Stoic Joe

(From left to right) Marcus Aurelius, Seneca the Younger, Epictetus, Zeno of Citium. © John Harrison

(From left to right) Marcus Aurelius, Seneca the Younger, Epictetus, Zeno of Citium.

I’ve known Joe for years, and he’s always been an interesting character. But lately, his behavior has taken an extreme turn as Stoic philosophy deeply enthralled him. He now lives strictly according to the teachings of the ancient Stoics like Seneca and Aurelius. While I admire some Stoic ideals, Joe’s militant Stoicism is a bit much to take.

Joe abruptly started embracing radical Stoicism a few months ago. He concluded that most modern society’s beliefs and practices were misguided, and only the Stoics understood how life should be lived. This meant major lifestyle changes were in order.

He decided that being engrossed in social media and popular culture were “indifferent” things, distractions from what really matters - virtue, discipline, and tranquility. So he deleted all his social media accounts and stopped watching TV or movies. He felt pursuing status, or material wealth was also “indifferent,” so he now lives very simply and minimally.

On the positive side, he has become very devoted to constant self-improvement. But his methods are severe. He starts each day with a brisk cold shower to build mental toughness. He eats plain food without seasoning to be less distracted by pleasures. When stressful events occur, he tells himself it’s all in how he chooses to react and that he should remain calm and unaffected.

Having a chat with Joe these days can be exhausting. Any conversation tends to loop back to Stoic teachings and how various behaviors or situations exemplify or violate them. If I complain about anything, he reminds me that our thoughts, not external events, determine our suffering, and I should simply change my reaction. If I get excited about some success or opportunity, he cautions me against emotional indulgence.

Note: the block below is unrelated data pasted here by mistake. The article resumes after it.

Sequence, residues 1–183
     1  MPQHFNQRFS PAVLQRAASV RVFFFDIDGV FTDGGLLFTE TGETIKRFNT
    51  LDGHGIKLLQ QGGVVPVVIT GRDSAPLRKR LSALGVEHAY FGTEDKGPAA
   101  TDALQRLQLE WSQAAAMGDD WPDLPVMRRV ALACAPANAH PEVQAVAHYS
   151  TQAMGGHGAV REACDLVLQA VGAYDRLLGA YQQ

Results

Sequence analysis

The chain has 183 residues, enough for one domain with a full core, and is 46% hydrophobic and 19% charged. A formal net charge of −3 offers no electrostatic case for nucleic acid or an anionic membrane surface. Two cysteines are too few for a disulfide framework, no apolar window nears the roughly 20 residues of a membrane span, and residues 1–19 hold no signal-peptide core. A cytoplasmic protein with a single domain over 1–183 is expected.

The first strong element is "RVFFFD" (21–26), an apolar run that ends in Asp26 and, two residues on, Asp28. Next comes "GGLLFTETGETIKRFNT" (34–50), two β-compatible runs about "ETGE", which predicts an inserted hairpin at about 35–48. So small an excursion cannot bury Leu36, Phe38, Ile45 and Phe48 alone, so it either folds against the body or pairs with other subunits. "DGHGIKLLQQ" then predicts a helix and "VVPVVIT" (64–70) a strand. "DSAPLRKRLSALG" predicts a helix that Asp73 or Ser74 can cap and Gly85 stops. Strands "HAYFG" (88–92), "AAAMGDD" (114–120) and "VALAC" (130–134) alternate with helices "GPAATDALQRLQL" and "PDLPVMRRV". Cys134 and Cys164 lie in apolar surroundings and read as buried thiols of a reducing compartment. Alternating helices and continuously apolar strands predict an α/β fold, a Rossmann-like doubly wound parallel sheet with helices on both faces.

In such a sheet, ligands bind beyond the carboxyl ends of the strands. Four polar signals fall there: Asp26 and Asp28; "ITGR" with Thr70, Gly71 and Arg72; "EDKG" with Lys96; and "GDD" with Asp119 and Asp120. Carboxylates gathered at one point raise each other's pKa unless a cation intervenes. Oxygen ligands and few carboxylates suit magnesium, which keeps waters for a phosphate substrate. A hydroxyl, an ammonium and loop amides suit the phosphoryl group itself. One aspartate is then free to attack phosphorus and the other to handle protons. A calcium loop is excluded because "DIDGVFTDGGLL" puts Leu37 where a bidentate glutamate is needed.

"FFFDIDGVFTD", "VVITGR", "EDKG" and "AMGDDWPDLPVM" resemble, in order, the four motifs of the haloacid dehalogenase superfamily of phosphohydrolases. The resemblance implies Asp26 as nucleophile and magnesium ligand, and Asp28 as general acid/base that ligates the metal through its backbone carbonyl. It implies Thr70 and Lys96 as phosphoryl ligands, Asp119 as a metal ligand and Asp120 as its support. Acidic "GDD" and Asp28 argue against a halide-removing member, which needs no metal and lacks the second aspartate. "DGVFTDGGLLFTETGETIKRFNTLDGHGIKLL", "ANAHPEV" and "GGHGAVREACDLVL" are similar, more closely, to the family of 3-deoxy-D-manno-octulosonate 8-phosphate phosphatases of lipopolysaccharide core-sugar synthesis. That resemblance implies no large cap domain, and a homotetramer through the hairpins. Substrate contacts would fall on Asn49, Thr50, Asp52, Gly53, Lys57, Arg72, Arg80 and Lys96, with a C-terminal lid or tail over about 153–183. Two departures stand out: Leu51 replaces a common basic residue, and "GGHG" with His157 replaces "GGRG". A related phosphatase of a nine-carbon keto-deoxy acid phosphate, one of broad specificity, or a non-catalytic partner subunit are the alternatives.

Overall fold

I think the Stoics had some useful ideas, but Joe’s extreme, unyielding adherence to them can feel a bit grim and joyless. Even when we meet up with old mutual friends, he seems aloof from the lively discussions and laughs, sticking to principled objections or infusing Stoic sayings. Our acquaintances have started to notice and comment, half-joking that “Stoic Joe” needs to lighten up.

Though we’ve been friends for years, Joe’s militant Stoicism is testing the limits of the relationship. I’m happy he has a philosophical system giving purpose and guidance, but talking with him has become like enduring a ceaseless Stoic lecture. Some of our best conversations were lively debates embracing a diversity of views, but now any discussion gets dogmatically steered back to Stoic doctrine.

I hope Joe will eventually soften his extreme views and become open to occasional moderate pleasures and emotions again. Even the ancient Stoics acknowledged that while virtue is the ultimate goal, “preferred indifferent” like friendship, leisure, and enjoyment have value, too, in moderation. If Joe can’t find a more balanced way of applying Stoic thought, he may end up very virtuous but lonely.

Such is the conundrum of Stoic Joe, an old friend who took an admirable philosophy too far.

philosophy   lifestyle

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